Proposal: Biden has indicated that he would decouple the estate and gift tax regime. His plan would reduce the amount that an individual can transfer tax-free at death from $11.7 million to $3.5 million and limit the amount of aggregate tax-free lifetime gifting available to an individual at $1 million. In addition, Biden’s plan would increase the estate tax rate to from 40 percent to 45 percent. Finally, Biden would eliminate the basis step-up for inherited assets. As a result, any inherited asset would be taxed based upon the decedent’s basis, which means more taxes on wealth would be passed on to heirs.
Current law: The TCJA reduced the corporate tax rate from 35 percent to a flat 21 percent.
Proposal: The corporate tax rate would increase from 21 percent to 28 percent. Additionally, Biden would implement a new minimum tax on corporations with at least $100 million in annual book income. Such corporations would pay the greater of their federal income tax bill or 15 percent of reported book income.
Qualified Business Income (QBI)
Current law: A taxpayer may generally deduct 20 percent of the domestic QBI earned from a partnership, S corporation or sole proprietorship.
Proposal: The QBI deduction would be phased out for taxpayers with taxable income in excess of $400,000.
Current law: Taxes on the gains of certain real property may be deferred if the property is exchanged for like-kind property in a valid §1031 exchange.
Proposal: The Biden tax plan would 1) eliminate §1031 like-kind exchanges which permit deferral of capital gains taxes on swaps of appreciated real property, 2) eliminate the $25,000 exemption from the passive loss rules for rental real estate losses incurred by middle-income individuals and 3) eliminate rules that permit faster depreciation for certain real property.
Biden has indicated a willingness to offer a number of new and/or expanded tax credits for low- and middle-income taxpayers, including the following:
- Expansion of the child and dependent care credit to $4,000 for one qualifying child or $8,000 for two or more qualifying children. The credit would be fully refundable but would begin to phase out once gross income exceeds $125,000 and be completely phased out once income exceeds $400,000.
- Expansion of the child tax credit to a maximum of $3,000 per child for children ages 6 to 17, plus a $600 bonus for children under six. The entire credit would be fully refundable.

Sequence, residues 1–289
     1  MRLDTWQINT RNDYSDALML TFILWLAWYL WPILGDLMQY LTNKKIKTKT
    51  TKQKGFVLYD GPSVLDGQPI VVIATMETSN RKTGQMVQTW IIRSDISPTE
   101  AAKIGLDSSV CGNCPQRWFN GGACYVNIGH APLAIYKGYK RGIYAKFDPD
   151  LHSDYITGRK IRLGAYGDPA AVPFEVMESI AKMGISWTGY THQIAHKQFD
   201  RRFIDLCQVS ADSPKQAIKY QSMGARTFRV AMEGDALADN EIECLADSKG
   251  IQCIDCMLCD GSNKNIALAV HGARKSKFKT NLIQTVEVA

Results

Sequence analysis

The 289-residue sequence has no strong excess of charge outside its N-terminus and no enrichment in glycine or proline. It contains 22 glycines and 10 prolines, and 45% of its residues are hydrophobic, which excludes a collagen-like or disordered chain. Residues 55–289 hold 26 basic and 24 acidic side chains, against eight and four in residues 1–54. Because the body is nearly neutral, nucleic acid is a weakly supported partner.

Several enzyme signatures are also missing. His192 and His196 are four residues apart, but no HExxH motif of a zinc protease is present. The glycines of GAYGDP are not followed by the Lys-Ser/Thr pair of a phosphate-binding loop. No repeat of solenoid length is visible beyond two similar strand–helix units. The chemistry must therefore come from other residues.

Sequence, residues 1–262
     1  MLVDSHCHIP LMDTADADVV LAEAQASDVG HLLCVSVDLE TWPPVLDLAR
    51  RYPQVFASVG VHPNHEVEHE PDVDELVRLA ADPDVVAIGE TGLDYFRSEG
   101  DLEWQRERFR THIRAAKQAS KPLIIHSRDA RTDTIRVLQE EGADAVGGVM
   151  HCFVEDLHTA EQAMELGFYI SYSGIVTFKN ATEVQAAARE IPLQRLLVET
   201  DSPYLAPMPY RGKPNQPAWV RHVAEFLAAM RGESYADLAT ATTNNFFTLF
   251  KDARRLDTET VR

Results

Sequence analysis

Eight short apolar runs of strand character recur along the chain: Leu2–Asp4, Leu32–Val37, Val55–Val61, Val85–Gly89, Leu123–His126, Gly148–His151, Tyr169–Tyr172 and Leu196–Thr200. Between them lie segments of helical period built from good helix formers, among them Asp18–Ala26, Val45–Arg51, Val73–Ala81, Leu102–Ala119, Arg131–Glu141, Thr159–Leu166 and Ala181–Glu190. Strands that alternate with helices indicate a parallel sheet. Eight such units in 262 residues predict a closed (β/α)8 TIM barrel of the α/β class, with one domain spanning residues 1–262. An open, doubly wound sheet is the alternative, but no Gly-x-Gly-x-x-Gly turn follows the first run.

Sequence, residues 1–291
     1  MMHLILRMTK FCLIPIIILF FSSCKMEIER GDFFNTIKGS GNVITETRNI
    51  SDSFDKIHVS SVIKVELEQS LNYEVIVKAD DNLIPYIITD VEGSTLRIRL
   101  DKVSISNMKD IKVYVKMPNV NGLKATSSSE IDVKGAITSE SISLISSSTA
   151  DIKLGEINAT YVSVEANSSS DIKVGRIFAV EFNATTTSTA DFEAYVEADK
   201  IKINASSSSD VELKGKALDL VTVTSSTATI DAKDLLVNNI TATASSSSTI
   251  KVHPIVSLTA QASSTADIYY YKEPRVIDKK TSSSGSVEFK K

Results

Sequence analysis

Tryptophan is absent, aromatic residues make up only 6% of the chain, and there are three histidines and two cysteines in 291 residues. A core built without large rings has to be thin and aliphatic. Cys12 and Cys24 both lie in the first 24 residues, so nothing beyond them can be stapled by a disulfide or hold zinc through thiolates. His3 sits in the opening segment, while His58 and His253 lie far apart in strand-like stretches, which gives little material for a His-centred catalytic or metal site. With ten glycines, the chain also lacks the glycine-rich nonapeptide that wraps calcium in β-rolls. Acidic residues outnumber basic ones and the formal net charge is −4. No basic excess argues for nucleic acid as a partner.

- Expansion of the earned income tax credit from approximately $530 to $1,500 for taxpayers without children. Biden has also proposed to increase the income limit to $21,000 and eliminate the age cap for older workers.
- A new $5,000 credit for “informal caregivers” of aging family members.
- A new refundable credit of up to $15,000 for first-time homebuyers.
- The credit could be collected when a home is purchased rather than requiring taxpayers to wait until they file their tax returns.
- A new refundable tax credit for low-income renters. The credit would be intended to hold rent and utility payments to a maximum amount of 30 percent of monthly income.
With the federal budget deficit now over $3.3 trillion (and growing) and the need for additional stimulus spending due to the COVID-19 pandemic, new tax laws could initially face an uphill battle, regardless of Democratic control of Congress. Nevertheless, if Biden’s proposals are implemented, low- and middle-class wage earners stand to benefit, while affluent taxpayers, business owners and large corporations will likely pay substantially more.
Gary R. Botwinick, Esq., is co-managing partner and chair of the Wills, Trusts & Estates and Taxation practice groups at Einhorn, Barbarito, Frost & Botwinick, PC.
Matthew S. Rheingold
Matthew S. Rheingold, Esq., is partner in the Wills, Trends & Estates and Taxation practice groups at Einhorn Barbarito, Frost & Botwinick, PC.
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This article appeared in the Spring 2021 issue of New Jersey CPA magazine. Read the full issue.